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Figure 1: Dose response curves vary significantly when primary pancreatic tumor cells are grown in monolayer cultures (tOP) as compared with 3D cystic organoids (BOttOM). Each curve represents the mean and standard deviation of four replicates per condition. Cells grown as three-dimensional (3D) spheroids are thought to more closely mimic in vivo physiology in terms of morphology, structural complexity, and phenotype. Being more physiologically relevant, 3D cultures can be highly predictive for compound profiling and evaluating cytotoxicity, a critical step in evaluating chemotherapeutic drug candidates. Unfortunately, evaluation of drug cytotoxicity traditionally has relied on the use of two-dimensional (2D) cell culture monolayers. When grown in monolayers, cells are not exposed to soluble gradients, are forced into an apical-basal polarity, reside on a continuous layer of matrix with adhesions restricted to an x–y plane, and undergo unconstrained spreading and migration in the x–y plane. By contras...
Figure 1: Variability chart showing high analyst-to-analyst variation During lifecycle development of a biological assay (bioassay), identifying and reducing sources of variability might be required to improve method performance. Here I recommend some statistical and graphical approaches (consistent with USP <1033>) for practitioners to identify variation from experimental results ( 1 ). Sources of Variation in a Bioassay To correctly identify sources of variation in a bioassay, analysts must consider how that bioassay is to be executed. In particular, the experience and technical expertise of each analyst expected to execute the bioassay should be taken into account. If the dataset used in a variability study contains results predominantly from highly trained and experienced analysts, the estimate of precision can be disingenuously better (smaller variation) than with a more diverse level of technical aptitude across the analyst population. Conversely, if analyzed results emanate from inexperienced analy...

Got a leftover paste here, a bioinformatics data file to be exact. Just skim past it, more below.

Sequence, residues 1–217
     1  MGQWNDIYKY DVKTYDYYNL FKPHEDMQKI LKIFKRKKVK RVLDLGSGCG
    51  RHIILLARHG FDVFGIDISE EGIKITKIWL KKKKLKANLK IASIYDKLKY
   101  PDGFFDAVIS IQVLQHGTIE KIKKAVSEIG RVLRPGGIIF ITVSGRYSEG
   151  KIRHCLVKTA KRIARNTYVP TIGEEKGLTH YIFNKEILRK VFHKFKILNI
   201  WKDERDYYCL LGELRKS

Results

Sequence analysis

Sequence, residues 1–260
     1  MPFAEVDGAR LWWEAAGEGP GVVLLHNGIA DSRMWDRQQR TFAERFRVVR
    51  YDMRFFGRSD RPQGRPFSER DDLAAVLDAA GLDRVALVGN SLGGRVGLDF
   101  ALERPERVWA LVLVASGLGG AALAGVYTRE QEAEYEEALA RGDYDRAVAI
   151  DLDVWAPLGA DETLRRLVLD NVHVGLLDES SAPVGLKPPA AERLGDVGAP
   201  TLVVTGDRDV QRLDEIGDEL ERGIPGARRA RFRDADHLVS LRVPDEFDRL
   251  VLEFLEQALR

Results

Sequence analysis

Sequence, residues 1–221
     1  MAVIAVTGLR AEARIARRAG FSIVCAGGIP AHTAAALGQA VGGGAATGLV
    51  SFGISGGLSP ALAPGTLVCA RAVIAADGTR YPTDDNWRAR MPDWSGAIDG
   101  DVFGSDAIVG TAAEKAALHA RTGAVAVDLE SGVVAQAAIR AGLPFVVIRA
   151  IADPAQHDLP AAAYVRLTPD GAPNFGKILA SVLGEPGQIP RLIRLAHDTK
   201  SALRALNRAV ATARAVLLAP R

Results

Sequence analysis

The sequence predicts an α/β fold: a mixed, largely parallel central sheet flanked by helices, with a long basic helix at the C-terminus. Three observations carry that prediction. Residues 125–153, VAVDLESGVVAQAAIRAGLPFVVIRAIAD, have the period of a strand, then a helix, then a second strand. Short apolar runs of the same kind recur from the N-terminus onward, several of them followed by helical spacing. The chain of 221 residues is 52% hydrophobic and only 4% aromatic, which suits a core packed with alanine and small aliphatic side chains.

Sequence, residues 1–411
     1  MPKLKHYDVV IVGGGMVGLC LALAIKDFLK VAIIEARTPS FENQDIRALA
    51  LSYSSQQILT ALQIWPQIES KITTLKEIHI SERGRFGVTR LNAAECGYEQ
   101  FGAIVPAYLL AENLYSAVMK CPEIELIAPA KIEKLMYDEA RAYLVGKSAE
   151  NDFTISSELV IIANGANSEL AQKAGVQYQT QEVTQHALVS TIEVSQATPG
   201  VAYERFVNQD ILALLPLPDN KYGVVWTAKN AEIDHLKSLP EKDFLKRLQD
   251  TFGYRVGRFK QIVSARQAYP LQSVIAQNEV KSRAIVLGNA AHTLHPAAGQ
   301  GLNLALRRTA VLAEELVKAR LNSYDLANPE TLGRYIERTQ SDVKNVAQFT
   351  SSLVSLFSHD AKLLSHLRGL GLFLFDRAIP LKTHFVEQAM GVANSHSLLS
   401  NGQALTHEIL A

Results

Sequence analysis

Figure 1: Comparison of unconjugated MAb and ADC in a proliferation assay with luminescence readout based on ATP release (LEFT) and a Caspase 3/7 apoptosis assay with luminescence readout to measure cytotoxicity (RIGHT) (RLU = relative luminescence units) Seven years ago, the US Food and Drug Administration (FDA) approved the first product in a new class of biologics: antibody–drug conjugates (ADCs). The idea for these products already had been hatched a decade earlier when the promising field of antibody research — touting such molecules as “magic bullets” — had faltered, specifically against oncology-related indications. The early crop of anticancer monoclonal antibodies (MAbs) proved to have only limited efficacy, and interest in developing antibodies as therapeutic agents against cancer had faded. Two different biotechnologists simultaneously suggested that antibodies could be much more effective against cancer — if you could arm them with a chemical warhead — capable of triggering apoptosis in tumor ...